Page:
This just in … California Meets Governor’s Conservation Mandate for Seventh Straight Month

State Keeps Meeting Cumulative Goal; As Monthly Conservation Rate Drops, Residential Water Users Urged to Continue Saving Water

From the State Water Resources Control Board:

SWRCB logo water boardsCalifornians have reduced water use by 25.5 percent since June, continuing to meet Governor Edmund G. Brown Jr.’s 25 percent mandate despite a decline in the statewide water-savings rate during the last three months of 2015.

In December, the statewide conservation rate was 18.3 percent, down from 20.4 percent in November, compared to the same months in 2013. A drop in the water conservation rate was expected during the cooler fall and winter months, when Californians use less water and there is less opportunity to save on outdoor water use compared with the hot summer months. Indeed, average statewide water use declined from 76 gallons per person per day in November to 67 gallons in December, the second lowest per-person rate since water-use reporting began in June 2014.

Nonetheless, Californians are urged to keep up their efforts to conserve through the winter months. This includes complying with urban water supplier directives to switch to once-a-week watering schedules, and not using outdoor irrigation during and within 48 hours following a rain event.

“While the recent rains and growing snowpack are wonderful to behold, we won’t know until spring what effect it will have on the bottom line for California’s unprecedented drought,” said Felicia Marcus, chair of the State Water Resources Control Board. “Until we can tally that ledger, we have to keep conserving water every way we can. Every drop saved today is one that we may be very glad we have tomorrow.”

In November 2015, the Governor issued an Executive Order directing the State Water Board to extend and revise the drought emergency water conservation regulation based on conditions through January. Staff released a draft updated emergency regulation for public comment on January 15th. The State Water Board will consider this extended emergency regulation after 1 p.m. today.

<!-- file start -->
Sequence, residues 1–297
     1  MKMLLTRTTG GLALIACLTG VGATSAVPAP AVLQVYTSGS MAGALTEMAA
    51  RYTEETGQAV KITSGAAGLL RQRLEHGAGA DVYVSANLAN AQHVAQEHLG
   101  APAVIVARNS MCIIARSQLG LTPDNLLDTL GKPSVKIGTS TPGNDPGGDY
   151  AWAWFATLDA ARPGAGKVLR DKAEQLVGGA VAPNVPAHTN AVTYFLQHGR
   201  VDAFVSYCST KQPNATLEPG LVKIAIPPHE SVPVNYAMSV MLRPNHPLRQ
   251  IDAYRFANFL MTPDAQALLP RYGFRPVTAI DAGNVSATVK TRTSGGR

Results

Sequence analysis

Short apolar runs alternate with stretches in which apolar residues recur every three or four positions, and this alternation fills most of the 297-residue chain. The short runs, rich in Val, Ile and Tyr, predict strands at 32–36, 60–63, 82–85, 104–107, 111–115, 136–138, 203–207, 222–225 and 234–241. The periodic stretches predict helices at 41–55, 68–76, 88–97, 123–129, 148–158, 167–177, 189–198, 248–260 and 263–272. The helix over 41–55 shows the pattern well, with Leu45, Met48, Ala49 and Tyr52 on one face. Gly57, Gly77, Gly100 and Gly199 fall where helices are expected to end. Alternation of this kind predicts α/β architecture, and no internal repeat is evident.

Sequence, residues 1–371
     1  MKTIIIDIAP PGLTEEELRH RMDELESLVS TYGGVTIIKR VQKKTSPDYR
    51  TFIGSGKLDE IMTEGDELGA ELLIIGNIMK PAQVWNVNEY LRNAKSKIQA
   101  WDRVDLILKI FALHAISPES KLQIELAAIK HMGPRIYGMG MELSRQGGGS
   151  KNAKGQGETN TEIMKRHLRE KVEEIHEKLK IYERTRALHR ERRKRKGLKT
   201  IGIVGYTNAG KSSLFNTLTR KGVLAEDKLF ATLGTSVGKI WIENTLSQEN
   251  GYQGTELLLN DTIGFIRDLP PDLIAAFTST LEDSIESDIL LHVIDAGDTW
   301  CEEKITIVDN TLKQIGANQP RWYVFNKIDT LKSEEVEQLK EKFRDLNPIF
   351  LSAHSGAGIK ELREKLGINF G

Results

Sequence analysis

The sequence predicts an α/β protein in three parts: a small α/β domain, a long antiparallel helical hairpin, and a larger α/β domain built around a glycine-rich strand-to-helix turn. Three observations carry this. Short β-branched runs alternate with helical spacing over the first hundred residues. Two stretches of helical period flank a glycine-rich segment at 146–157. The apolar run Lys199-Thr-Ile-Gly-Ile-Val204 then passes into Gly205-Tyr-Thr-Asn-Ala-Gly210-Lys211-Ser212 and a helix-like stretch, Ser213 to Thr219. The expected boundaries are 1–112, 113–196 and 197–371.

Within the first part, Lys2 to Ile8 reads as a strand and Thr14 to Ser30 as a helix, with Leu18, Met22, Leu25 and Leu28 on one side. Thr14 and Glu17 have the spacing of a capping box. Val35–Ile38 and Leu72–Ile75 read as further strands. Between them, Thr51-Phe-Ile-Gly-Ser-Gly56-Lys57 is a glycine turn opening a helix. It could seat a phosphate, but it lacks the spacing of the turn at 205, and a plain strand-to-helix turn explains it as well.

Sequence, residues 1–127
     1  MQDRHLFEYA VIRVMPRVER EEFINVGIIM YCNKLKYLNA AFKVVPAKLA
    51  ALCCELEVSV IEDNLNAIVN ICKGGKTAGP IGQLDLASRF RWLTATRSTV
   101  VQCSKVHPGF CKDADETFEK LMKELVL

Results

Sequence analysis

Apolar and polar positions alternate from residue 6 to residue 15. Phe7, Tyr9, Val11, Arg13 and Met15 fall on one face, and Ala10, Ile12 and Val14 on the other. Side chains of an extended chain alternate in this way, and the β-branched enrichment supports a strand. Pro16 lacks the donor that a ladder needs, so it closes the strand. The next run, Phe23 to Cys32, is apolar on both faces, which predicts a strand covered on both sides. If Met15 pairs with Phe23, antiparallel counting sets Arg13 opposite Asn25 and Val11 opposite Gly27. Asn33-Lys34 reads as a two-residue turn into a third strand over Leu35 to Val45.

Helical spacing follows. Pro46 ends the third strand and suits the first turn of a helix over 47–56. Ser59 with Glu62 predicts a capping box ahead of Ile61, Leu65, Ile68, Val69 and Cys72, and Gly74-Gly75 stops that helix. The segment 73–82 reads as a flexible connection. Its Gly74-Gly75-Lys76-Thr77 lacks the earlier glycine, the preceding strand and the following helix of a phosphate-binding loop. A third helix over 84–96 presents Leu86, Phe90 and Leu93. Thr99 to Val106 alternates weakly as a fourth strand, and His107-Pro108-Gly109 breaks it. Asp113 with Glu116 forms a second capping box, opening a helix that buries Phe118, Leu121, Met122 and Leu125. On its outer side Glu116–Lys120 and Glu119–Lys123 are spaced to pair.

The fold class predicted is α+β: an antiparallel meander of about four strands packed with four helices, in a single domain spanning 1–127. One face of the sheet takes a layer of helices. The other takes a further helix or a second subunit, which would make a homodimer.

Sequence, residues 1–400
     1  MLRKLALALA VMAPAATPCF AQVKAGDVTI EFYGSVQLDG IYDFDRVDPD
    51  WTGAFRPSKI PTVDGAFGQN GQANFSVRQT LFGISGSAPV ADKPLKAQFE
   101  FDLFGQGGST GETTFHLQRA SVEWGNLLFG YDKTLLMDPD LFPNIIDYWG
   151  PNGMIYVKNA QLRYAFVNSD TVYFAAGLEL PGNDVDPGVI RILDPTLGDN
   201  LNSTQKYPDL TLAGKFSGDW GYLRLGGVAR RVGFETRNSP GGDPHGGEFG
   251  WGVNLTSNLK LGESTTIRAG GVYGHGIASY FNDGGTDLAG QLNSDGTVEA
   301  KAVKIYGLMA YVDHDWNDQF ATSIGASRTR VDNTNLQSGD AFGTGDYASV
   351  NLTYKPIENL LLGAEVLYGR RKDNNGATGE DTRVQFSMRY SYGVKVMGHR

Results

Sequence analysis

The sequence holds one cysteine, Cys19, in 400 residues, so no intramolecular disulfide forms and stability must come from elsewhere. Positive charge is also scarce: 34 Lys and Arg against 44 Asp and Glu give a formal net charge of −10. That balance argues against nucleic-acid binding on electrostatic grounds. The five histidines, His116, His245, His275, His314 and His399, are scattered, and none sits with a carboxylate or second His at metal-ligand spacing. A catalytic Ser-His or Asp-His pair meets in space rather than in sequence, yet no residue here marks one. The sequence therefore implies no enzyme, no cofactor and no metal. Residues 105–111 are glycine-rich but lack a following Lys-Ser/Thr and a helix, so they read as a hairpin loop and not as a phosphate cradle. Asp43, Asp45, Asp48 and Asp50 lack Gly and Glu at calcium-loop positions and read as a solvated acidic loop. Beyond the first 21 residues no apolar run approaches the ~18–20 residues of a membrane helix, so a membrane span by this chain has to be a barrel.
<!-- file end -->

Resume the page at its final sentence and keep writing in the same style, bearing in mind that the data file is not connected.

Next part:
December Conservation Data

  • For June through December, the cumulative statewide reduction was 25.5 percent, compared to the same months in 2013. That equates to almost 1.1 million acre-feet of water saved, putting the state 91 percent of the way to meeting the 1.2 million acre-feet savings goal to be achieved through February 2016.
  • Statewide water savings for December 2015 was 18.3 percent (75,719 acre‑feet or 24.7 billion gallons), a decrease from November 2015’s 20.4 percent savings. See fact sheet here.
  • Contributing to the lower monthly savings, December 2015 saw the lowest level of water provider compliance to date with 60 percent of suppliers meeting their conservation standards.
  • Statewide average water use for December 2015 was 67 residential gallons per capita per day (R-GPCD), down from 76 gallons per person per day in November. This is the second-lowest per-person rate observed since the State Water Board began requiring reporting due to the drought.


In his April 1, 2015 Executive Order, Gov. Brown mandated a 25 percent water use reduction for cities and towns across California. In May 2015, the State Water Board adopted an emergency regulation requiring an immediate 25 percent reduction in overall potable urban water use. The regulation uses a sliding scale for setting conservation standards, so that communities that have already reduced their R-GPCD through past conservation will have lower mandates than those that have not made such gains since the last major drought.

The State Water Board tracks water conservation for each of the state’s larger urban water suppliers (those with more than 3,000 connections) on a monthly basis, but compliance with individual water supplier conservation requirements and the statewide 25 percent mandate is based on cumulative savings. Cumulative tracking means that conservation savings will be added together from one month to the next and compared to the amount of water used during the same months in 2013.

California has been dealing with the effects of an unprecedented drought. To learn about all the actions the state has taken to manage our water system and cope with the impacts of the drought, visit Drought.CA.Gov. Every Californian should take steps to conserve water. Find out how at In addition to many effective local programs, state-funded turf removal and toilet replacement rebates are also available. Information and rebate applications can be found at:

Water Conservation Quick Links

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